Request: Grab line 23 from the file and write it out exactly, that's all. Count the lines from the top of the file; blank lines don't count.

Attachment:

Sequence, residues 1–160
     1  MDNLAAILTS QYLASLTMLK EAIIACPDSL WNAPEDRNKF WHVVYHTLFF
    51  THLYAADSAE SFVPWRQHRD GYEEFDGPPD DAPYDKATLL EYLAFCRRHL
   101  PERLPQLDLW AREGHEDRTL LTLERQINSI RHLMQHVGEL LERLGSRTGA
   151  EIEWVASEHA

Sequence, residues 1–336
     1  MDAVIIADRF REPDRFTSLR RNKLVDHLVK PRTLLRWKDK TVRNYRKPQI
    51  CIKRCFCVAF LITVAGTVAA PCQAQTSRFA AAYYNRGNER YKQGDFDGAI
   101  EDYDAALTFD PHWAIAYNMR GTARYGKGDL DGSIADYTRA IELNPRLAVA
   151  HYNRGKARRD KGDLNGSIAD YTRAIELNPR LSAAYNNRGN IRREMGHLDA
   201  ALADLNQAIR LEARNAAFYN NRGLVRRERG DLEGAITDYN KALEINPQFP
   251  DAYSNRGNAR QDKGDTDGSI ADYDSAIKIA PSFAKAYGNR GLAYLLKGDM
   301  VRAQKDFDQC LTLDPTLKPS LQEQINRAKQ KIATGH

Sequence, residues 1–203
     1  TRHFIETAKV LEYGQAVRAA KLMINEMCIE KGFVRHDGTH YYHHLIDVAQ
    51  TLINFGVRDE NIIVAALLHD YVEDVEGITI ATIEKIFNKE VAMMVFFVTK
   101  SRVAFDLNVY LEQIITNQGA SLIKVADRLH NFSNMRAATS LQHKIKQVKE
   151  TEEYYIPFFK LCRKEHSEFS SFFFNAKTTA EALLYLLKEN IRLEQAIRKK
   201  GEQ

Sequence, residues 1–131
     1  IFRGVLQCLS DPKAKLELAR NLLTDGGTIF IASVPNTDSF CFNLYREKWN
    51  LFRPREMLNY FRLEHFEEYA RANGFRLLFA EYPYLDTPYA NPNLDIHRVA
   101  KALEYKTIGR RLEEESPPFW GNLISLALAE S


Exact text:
   101  KALEYKTIGR RLEEESPPFW GNLISLALAE S